Hotel Motto Vienna: a rooftop extension with Cofrastra® composite flooring system

From an architectural perspective, Vienna is increasingly becoming known for its roof extensions. Alongside the refurbishment of historic buildings, this is resulting in the modernisation and revitalisation of many city centre properties. A number of the designs are characterised by contemporary, often multi-storey, roof structures perched on top of distinctive, traditional facades.

Detailed information

A complex building project at lofty heights with a striking glass roof extension

A good example of these roof extensions is the former Hotel Kummer, a Gründerzeit era property steeped in history situated on the corner of Mariahilfer Strasse (71a) and Amerlinstrasse. With a 50 million Euro investment from Wertinvest in partnership with Schadekgasse 20, the hotel has been gutted, refurbished, and extended with a new two-storey, barrel-shaped roof structure added. This new structure links all the different parts of the building, coordinating with the magnificent, original facade and connecting with the new, modern cityscape.

The building has remained a hotel but has been given a new name: Hotel Motto. It will operate with 91 rooms, a restaurant, a bar, and meeting areas. A branch of a well-known clothing brand has taken a lease on the ground floor and an organic bakery with an outdoor café will move in next door. The striking roof structure, designed by architect Arkan Zeytinoglu and set back slightly from the facade, will house a restaurant and roof terrace that will be open to the public.

Cofrastra®: a composite flooring system with numerous advantages

In terms of structural engineering, the project has been a considerable challenge. During the course of the work, a wide variety of ceiling constructions were uncovered within the fabric of the historic building, including in-situ concrete ceilings, wooden beam ceilings, and brick ceilings. In planning for the additional roof levels, the civil engineers of Thomas Lorenz ZT GmbH decided to use steel, or more precisely a steel composite ceiling construction because of the many advantages it offers.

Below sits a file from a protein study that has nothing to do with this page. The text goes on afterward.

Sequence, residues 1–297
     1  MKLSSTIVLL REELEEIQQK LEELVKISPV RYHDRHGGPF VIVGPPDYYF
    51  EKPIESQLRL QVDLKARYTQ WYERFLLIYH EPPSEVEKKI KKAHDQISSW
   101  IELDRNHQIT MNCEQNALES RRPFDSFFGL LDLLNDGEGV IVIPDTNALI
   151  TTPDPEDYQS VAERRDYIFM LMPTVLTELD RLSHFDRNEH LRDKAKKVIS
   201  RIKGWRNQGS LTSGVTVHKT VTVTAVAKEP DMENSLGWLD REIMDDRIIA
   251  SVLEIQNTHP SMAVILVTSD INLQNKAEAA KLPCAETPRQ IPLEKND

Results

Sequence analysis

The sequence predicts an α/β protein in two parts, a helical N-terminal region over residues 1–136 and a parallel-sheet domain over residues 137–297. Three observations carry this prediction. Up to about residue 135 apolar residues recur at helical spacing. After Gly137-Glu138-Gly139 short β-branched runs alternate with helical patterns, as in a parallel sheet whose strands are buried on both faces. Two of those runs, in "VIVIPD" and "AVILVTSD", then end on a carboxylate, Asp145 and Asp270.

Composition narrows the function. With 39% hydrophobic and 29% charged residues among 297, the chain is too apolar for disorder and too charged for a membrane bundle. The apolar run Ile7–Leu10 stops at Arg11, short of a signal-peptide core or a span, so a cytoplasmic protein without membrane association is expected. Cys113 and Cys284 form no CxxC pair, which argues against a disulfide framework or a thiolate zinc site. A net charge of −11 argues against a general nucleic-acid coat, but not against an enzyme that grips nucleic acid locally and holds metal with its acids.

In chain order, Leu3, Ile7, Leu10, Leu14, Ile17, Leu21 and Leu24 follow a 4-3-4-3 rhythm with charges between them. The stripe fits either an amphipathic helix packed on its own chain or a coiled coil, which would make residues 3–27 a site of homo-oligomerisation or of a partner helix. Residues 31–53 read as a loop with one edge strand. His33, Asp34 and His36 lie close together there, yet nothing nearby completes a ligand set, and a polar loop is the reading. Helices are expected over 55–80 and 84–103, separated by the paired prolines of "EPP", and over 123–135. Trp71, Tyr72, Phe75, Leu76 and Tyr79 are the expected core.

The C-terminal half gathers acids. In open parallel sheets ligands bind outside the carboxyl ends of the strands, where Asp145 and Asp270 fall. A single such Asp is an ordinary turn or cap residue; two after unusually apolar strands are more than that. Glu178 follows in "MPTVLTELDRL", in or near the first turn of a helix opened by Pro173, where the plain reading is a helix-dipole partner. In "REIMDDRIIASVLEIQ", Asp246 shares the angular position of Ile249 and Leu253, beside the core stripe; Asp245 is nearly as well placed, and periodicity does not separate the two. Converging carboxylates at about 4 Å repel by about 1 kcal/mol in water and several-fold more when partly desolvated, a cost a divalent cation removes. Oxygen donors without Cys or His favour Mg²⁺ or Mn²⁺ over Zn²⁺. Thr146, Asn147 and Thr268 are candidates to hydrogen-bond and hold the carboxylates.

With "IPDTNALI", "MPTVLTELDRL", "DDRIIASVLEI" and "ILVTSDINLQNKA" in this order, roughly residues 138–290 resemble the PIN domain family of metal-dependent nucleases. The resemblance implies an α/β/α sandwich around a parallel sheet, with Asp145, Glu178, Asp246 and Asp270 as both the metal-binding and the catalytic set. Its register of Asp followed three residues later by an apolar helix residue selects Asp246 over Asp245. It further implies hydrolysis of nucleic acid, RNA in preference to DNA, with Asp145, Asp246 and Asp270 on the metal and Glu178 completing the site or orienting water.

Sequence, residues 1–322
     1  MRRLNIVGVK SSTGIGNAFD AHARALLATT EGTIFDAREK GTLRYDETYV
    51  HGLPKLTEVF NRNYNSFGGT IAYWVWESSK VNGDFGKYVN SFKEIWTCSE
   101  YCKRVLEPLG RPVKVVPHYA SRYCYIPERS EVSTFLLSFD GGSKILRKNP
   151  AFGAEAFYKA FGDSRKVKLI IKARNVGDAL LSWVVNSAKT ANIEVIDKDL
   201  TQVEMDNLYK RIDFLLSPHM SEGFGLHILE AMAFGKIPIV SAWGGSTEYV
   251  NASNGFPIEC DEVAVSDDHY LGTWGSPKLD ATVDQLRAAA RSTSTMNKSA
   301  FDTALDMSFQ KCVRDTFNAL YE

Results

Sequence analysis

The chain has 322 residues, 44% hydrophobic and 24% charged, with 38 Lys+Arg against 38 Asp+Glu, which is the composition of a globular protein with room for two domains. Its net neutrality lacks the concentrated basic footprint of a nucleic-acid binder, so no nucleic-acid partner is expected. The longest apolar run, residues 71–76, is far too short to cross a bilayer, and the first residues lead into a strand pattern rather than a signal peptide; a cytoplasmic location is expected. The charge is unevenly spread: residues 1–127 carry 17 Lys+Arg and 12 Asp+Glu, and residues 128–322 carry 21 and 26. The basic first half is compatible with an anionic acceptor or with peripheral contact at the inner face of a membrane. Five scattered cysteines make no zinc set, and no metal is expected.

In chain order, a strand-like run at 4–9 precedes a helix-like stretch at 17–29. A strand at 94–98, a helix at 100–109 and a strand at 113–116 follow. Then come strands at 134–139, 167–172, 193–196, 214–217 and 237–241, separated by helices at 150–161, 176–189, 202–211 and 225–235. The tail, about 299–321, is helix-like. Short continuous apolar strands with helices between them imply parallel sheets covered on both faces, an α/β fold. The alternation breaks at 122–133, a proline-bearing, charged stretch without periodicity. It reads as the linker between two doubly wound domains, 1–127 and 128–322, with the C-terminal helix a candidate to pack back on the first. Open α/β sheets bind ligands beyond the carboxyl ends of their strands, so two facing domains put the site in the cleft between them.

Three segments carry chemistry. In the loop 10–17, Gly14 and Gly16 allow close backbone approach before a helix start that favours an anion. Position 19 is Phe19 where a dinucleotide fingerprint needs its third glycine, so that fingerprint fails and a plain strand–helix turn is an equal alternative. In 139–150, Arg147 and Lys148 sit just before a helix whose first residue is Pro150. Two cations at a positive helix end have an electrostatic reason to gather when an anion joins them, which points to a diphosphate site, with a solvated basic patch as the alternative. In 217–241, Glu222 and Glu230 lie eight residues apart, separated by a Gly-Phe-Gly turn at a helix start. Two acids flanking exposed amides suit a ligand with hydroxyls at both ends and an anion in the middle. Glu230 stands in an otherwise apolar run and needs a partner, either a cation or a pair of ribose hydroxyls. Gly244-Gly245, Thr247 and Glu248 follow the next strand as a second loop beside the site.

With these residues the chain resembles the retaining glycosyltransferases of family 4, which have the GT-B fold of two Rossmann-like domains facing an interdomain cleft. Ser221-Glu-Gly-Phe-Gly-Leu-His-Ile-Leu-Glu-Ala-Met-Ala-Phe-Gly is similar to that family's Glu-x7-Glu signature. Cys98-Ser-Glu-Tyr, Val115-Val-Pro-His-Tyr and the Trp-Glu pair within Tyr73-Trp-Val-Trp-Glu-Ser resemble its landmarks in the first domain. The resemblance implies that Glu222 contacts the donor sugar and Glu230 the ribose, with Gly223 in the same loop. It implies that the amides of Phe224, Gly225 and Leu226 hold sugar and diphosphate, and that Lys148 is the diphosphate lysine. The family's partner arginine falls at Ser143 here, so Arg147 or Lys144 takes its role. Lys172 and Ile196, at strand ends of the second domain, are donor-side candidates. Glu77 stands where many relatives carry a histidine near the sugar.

Working in partnership with the manufacturer, the engineers chose Cofrastra® 70 composite slabs from ArcelorMittal Construction Austria. This composite slab profile, made from galvanised sheet steel with additional embossed cams, serves as both the formwork for the in-situ concrete and the lower reinforcement layer to absorb the bending moments. The stackable trapezoidal-shaped panels were ideal for the city centre site because they can be easily transported and stored efficiently without taking up unnecessary space. The ribs also reduce the dead weight by up to 15% for the same static height, crucial for the deflection of the slab and resulting in a slim construction with lower loads on the building stock below. Fire protection (REI 90) is achieved by simple bar reinforcement in the ribs (Ø12mm) without additional time-consuming measures and is in line with EN1994-1-2.

Assembly of the 1100 metre-square composite slab could largely be carried out by hand without the use of a crane, saving valuable crane capacity and construction time. The special dovetail geometry allows for a reversible installation of building services and suspended ceilings so that the new composite ceiling, as well as the original ceiling constructions, remain hidden from view.

Key details for Cofrastra® composite floors

Loads: additional dead loads - 2.7kN/m2; live loads - 5kN/m2

Sheet thickness: variable, between tN=0.75mm and tN=0.88mm

Spans: 1.60m single span system – 5.20m double span system with two supports during construction

Floor height: 15cm and 22cm

Concrete requirements: 200l/m2 – 125l/m2

Floor weight: < 500kg/m2 - ca. 320kg/m2

Project information

  • Vienna
  • Austria
  • 2021
  • Architects:
    arkan zeytinoglu architects
  • Engineering office:
    Thomas Lorenz ZT GmbH
  • Contractors:
    Fross Baumanagement
  • Client:
  • Text:
    Chr. Radermacher/ArcelorMittal Construction
  • Photos:
    ©arkan zeytinoglu architects
    ©ArcelorMittal Construction